The need to address climate change will also affect individuals. The National Food Strategy tells us that it is up to everybody to change their dietary habits for ones that are healthier and better for the environment. The Strategy recommends a long-term shift in our food culture, whereby we consume within our planetary boundaries.
Any changes to the food system inextricably impact producers. The envisioned reduction in meat consumption by 30% over the next decade would allow farmers to return up to 20% of the most unproductive land back to natural habitats. The report highlights the importance of management within the agricultural industry to protect the UK’s farmers from cheaper imported meats, that may be the result of poorly planned Brexit deals. A large proportion of the report calls on Defra to provide more clarity over the implication of the new Environmental Land Management scheme (ELMs), which will be replacing the subsidies currently offered under the EU’s Common Agricultural Policy – clarity that is urgently needed to prevent farmers bearing the brunt of poor regulation.
One of the strategy’s most important recommendations is for agricultural payments to remain (at minimum) at the present level of £2.4Bn until the very latest of 2029. This money would allow farmers to transition to more sustainable land use methods without taking a financial hit.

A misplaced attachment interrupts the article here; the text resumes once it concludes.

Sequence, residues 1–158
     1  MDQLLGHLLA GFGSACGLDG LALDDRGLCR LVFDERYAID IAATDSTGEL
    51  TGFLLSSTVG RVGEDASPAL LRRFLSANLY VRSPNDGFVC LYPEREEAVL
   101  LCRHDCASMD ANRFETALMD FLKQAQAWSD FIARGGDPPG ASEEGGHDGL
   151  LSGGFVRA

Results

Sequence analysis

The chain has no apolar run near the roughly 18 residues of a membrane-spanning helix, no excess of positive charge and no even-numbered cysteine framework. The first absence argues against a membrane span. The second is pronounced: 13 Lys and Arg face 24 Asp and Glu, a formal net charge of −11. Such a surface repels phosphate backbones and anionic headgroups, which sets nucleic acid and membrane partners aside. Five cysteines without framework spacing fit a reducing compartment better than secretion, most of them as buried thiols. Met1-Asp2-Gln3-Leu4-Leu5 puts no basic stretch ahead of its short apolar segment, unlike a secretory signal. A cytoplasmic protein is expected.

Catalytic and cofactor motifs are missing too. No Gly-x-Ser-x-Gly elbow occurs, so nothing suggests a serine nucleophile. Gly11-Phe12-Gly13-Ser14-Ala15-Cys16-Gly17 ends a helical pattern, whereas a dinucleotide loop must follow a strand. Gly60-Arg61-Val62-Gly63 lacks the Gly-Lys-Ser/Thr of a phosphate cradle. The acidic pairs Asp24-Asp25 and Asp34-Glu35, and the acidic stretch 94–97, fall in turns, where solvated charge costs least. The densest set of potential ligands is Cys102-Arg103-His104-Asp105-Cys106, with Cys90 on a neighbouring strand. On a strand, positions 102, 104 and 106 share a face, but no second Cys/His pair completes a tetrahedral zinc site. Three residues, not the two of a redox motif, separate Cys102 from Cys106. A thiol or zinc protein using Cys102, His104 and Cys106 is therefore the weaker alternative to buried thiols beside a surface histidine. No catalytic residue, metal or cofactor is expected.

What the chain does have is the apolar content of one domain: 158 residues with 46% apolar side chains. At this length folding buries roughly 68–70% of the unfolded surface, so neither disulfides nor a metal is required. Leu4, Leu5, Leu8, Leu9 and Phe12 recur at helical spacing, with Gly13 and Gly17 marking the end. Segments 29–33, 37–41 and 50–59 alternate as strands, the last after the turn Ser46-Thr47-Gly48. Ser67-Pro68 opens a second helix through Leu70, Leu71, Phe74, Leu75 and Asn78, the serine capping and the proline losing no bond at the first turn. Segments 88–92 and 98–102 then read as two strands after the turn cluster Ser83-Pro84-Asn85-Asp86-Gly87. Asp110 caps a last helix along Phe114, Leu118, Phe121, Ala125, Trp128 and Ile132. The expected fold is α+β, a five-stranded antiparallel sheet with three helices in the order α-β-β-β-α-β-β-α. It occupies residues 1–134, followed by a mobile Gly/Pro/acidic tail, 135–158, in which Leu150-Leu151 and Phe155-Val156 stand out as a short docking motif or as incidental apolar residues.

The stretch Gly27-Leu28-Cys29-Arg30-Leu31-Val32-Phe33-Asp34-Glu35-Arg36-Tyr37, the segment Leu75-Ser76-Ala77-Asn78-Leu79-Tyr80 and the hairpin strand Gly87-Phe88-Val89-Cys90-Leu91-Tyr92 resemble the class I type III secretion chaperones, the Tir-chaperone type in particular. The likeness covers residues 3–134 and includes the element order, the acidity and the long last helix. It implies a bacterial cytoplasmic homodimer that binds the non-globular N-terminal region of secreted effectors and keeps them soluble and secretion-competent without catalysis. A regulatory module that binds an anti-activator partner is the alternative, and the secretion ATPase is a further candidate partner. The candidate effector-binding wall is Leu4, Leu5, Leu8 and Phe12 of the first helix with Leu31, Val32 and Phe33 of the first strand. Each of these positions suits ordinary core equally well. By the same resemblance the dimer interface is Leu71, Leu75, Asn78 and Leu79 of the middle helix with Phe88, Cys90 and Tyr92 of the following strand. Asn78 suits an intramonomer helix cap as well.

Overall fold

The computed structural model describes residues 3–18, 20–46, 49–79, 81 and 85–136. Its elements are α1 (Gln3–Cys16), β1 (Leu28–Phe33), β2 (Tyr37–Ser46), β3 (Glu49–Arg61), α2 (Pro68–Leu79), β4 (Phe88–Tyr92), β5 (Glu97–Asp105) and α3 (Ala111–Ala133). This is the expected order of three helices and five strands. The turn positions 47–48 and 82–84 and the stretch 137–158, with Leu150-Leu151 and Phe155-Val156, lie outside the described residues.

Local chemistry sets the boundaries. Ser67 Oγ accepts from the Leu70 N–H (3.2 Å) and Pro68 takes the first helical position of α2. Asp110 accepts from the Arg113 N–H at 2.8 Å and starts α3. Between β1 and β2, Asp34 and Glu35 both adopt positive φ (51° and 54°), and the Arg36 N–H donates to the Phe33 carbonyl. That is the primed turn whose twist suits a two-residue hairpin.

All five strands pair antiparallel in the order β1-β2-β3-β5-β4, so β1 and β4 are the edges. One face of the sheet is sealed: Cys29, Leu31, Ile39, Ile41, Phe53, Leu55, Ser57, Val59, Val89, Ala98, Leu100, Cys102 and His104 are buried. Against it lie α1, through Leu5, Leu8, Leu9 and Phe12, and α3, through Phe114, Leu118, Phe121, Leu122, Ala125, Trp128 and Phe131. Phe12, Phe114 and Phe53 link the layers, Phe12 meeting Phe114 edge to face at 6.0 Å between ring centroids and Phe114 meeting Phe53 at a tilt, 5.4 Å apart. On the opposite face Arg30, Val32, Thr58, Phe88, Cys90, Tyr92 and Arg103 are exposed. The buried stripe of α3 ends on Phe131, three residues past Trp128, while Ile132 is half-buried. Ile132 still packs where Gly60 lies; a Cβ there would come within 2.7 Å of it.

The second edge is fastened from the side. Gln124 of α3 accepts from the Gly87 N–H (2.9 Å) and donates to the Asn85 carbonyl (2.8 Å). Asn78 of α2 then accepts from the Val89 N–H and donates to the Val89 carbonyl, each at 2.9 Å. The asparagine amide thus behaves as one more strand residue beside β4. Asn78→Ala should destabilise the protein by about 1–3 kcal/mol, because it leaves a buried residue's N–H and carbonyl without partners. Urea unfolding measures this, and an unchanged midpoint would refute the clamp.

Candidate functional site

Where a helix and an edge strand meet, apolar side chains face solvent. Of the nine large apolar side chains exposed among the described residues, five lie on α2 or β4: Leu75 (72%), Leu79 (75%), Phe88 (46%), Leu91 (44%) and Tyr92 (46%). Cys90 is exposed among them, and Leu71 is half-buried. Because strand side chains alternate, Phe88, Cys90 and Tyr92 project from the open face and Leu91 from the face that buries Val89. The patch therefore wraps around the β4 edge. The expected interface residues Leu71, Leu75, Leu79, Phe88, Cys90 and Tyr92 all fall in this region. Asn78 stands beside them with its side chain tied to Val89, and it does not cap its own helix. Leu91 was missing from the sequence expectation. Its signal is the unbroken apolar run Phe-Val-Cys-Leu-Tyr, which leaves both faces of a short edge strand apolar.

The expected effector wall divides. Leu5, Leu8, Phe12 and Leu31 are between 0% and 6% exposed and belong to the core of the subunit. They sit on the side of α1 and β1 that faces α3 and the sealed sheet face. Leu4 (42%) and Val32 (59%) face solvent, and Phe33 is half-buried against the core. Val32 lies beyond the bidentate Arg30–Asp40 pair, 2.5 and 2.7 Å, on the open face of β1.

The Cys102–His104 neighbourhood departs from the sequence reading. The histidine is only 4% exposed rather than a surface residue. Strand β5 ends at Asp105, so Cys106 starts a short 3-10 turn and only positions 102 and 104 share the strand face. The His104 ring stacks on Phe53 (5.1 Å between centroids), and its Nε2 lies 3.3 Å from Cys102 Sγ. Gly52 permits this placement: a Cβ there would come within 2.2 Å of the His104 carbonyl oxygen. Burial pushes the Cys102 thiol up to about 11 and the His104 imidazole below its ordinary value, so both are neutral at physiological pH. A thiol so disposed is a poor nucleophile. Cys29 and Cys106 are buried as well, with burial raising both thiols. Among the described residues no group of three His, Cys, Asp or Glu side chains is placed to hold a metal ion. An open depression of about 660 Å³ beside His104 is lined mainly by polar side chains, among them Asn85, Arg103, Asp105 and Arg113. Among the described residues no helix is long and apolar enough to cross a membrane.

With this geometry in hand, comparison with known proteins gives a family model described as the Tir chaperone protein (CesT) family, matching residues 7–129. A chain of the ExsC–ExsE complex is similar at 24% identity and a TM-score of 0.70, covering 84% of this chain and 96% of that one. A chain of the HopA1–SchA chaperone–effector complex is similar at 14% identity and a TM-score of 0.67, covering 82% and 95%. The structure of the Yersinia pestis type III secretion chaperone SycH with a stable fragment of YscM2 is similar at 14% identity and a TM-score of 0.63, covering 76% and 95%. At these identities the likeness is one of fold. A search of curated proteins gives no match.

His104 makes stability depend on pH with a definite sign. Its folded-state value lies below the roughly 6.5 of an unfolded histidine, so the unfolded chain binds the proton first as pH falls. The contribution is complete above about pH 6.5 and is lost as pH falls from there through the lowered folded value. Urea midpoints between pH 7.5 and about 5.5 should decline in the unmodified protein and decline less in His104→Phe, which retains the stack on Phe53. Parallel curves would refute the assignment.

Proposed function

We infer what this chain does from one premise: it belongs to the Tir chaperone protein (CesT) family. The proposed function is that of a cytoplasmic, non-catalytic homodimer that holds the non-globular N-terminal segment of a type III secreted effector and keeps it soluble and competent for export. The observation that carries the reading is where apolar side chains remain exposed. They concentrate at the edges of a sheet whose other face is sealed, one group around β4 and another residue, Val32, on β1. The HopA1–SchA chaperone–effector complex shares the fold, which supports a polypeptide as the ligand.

The strategy also lays out the idea of creating a “Rural Land Use Framework” by 2022, which would provide a foundation of the best ways to utilise areas of land. This data base would section off the UK in to three types of areas, these being areas of low or high food production, semi-natural land which are areas that are more suited to less intense forms of farming, and economic development and housing.
Companies with over 250 employees could be mandated to report the following metrics:
- Sales of food and drink high in fat, sugar, or salt (HFSS) excluding alcohol.
- Sales of protein by type (i.e., meat, dairy, fish, plant, or alternative protein) and their origin.
- Sales of vegetables.
- Sales of fruit.
- Sales of major nutrients: fibre, saturated fat, sugar, and salt.
- Food waste.
- Total food and drink sales.
Many food and drink companies already monitor some of these metrics. Nevertheless, applying a mandatory reporting system would provide greater transparency and standardisation, which can highlight opportunities for improvement for the environmental and health implications of our food system.
Important dates to remember
Although The National Food Strategy is highly regarded by many, it is not yet policy, and all of its provisions remain recommendations, pending Defra’s response. This should be published within the next six months. Nevertheless, the National Food Strategy provides clear actions and food for thought for individuals and industries to mitigate the effects of food insecurity, climate change and poor diets.
At Sancroft, our services are tailored to our clients’ needs. We work with a diverse range of companies within the food system to navigate the complexities of changing regulation and stakeholders’ expectations.
If you are interested to find out about how your company could be affected by changes in the food system, please contact Felix Gummer or Ilkka Saarinen.
For more insights from the Sancroft team, please sign up to our newsletter here.